The governor’s office never released a detailed plan revolving around Canadian drugs, but DeSantis did say that the program would be possible under the federal Medicare Prescription Drug, Improvement, and Modernization Act of 2003.
The program, however, cannot go into effect unless the the secretary of U.S. Department of Health and Human Services certifies to Congress that the imports don’t threaten the health and safety of the American public, and would also reduce costs. No certification has happened yet.
But that doesn't mean all is lost. According to the White House, President Trump instructed both Republican leaders to work with Health Secretary Alex Azar to find options to "reduce drug prices in a safe way for Floridians.”
What that statement really means is unclear. DeSantis has said that the president is "enthusiastic" about the idea, but that should be taken with a grain of salt. In the past, Trump has had a rather shaky relationship with Canadian leadership. Prime Minister Justin Trudeau has been a thorn in President Trump's -- and everyone else's -- side. Their continued gridlock could put DeSantis' plan on ice for now.
Even so, President Trump has been vocal about lowering drug costs for Americans. With the trust he has for both men, he may very well let DeSantis and Gaetz tackle this issue.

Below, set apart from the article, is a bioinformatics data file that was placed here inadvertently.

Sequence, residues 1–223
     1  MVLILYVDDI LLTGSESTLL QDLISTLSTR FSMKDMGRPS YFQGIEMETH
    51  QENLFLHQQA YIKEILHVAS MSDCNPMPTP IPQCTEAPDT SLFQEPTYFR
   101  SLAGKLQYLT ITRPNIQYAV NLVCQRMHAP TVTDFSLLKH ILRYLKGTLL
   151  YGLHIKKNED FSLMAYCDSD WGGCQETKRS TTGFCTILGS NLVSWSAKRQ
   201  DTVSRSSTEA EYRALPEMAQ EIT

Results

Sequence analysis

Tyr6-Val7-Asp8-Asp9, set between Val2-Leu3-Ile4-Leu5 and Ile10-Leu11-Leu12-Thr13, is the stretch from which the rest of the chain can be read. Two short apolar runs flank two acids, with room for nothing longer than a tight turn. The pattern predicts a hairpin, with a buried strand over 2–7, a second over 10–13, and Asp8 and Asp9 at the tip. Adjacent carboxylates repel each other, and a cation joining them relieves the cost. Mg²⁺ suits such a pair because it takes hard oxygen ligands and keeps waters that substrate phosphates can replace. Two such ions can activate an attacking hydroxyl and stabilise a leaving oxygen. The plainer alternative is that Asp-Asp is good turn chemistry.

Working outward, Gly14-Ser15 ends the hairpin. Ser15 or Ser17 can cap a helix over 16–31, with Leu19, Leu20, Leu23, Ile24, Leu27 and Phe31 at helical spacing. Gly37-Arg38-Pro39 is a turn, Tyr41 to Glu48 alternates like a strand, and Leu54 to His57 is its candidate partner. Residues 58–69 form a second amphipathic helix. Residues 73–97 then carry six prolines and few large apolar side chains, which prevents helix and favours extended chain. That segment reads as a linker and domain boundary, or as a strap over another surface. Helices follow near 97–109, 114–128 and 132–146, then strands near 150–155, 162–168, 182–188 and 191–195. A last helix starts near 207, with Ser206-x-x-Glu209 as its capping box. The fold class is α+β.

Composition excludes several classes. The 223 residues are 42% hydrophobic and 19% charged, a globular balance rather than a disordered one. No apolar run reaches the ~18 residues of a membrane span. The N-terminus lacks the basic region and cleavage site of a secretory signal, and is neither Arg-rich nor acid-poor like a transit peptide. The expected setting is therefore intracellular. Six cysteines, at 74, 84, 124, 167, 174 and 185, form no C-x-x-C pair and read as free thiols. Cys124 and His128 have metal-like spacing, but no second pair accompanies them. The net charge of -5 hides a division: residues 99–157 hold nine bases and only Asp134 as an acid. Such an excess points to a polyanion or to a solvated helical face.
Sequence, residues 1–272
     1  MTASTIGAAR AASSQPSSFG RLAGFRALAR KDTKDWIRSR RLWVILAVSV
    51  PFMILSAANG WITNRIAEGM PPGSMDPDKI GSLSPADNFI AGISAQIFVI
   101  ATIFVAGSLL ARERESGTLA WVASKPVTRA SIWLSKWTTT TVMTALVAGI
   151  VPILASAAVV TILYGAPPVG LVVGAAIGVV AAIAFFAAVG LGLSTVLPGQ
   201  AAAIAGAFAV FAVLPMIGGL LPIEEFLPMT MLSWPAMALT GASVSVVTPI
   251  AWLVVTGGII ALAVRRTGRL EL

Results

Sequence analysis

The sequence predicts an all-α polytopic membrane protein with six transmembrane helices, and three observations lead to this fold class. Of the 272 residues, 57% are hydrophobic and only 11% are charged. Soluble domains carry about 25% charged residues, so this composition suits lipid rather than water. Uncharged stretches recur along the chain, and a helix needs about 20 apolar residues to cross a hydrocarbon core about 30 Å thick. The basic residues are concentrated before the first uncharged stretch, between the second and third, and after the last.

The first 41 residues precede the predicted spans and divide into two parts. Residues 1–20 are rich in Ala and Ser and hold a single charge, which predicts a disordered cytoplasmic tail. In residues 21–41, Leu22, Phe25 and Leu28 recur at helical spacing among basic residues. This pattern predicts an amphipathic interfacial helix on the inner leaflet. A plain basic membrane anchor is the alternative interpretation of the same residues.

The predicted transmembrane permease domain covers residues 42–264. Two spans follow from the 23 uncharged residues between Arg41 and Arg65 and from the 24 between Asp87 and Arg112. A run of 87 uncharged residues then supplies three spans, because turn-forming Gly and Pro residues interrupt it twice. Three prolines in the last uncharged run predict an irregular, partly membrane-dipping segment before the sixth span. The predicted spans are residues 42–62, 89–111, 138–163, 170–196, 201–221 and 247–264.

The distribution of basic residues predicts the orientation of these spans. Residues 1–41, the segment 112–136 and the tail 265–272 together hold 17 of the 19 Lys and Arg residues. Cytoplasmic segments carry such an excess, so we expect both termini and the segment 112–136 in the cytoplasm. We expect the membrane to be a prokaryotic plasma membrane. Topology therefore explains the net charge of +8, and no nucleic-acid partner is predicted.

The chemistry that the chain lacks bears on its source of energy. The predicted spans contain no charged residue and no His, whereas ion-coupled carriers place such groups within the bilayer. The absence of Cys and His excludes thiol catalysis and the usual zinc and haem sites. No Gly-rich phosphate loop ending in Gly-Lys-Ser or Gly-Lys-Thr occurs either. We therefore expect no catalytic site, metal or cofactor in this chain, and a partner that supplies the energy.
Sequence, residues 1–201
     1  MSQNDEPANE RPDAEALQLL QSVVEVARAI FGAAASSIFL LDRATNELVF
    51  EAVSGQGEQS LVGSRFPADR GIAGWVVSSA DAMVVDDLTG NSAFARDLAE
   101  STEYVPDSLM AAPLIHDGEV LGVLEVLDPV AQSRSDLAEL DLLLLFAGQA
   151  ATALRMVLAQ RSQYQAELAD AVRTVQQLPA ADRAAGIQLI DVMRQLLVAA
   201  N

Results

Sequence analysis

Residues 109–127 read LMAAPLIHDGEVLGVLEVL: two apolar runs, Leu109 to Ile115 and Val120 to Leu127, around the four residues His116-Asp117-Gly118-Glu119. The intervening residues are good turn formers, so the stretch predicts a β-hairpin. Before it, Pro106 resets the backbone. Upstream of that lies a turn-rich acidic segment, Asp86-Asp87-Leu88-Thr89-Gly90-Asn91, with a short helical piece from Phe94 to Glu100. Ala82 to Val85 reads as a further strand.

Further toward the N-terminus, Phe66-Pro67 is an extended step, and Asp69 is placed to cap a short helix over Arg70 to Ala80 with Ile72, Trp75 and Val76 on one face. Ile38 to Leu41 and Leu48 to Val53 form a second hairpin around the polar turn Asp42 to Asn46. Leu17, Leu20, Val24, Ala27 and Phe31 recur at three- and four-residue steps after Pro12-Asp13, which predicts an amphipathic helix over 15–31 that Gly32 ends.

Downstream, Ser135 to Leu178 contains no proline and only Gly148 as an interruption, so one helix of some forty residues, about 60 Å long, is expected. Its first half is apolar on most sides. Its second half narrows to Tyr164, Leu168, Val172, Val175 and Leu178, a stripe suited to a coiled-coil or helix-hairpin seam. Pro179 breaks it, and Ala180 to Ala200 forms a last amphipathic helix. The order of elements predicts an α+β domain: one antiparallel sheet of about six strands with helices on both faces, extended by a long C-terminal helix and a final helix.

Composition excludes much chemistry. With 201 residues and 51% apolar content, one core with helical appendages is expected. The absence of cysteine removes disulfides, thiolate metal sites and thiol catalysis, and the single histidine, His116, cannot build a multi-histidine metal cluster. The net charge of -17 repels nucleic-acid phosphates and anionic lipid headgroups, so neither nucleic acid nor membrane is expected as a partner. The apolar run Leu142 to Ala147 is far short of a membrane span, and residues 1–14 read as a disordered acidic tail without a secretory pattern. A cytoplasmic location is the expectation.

While lowering prescription medicine is a top priority for the DeSantis' administration, another topic was brought up during their meeting. With the Northwest Florida continuing to pick up the pieces left by Hurricane Michael last October, DeSantis and Gaetz discussed ways to continue to provide relief for Florida's Panhandle after it was destroyed by the Category 5 storm.
Their discussion with President Trump comes at a critical juncture, with residents of the hurricane ravaged area still waiting for federal relief dollars.
Last week, Florida legislators included nearly $2 billion in their 2019 budget towards helping the Panhandle recover from Hurricane Michael, but state lawmakers say it's not enough.
“The Panhandle was devastated and the federal government has not done its job, D.C. needs to step up,” said Sen. Rob Bradley. “So we stepped up because D.C. was not stepping up.”
And while residents in the Panhandle continue to try and rebuild their homes -- and lives -- all hope for additional funding is not lost.
On Wednesday, President Trump will hold a 2020 presidential campaign rally in the Panhandle. The event will be held at the Aaron Bessant Park Amphitheater in Panama City Beach at 7 p.m., and President Trump is expected to visit the region to discuss Hurricane Michael recovery efforts.
Gov. DeSantis and Rep. Gaetz are expected to attend the rally in Panama City, and an announcement regarding relief efforts could accompany President Trump to the event. State leaders believe President Trump's appearance in the Panhandle isn't a mere coincidence, leading people to believe that a big announcement is coming on Wednesday.
“Why would you want to come unless you're going to announce more good news,” said DeSantis.
Whether or not the announcement was planned is unclear, but those close to DeSantis and Gaetz believe the dynamic duo's meeting with Trump will bear additional fruit for Floridians.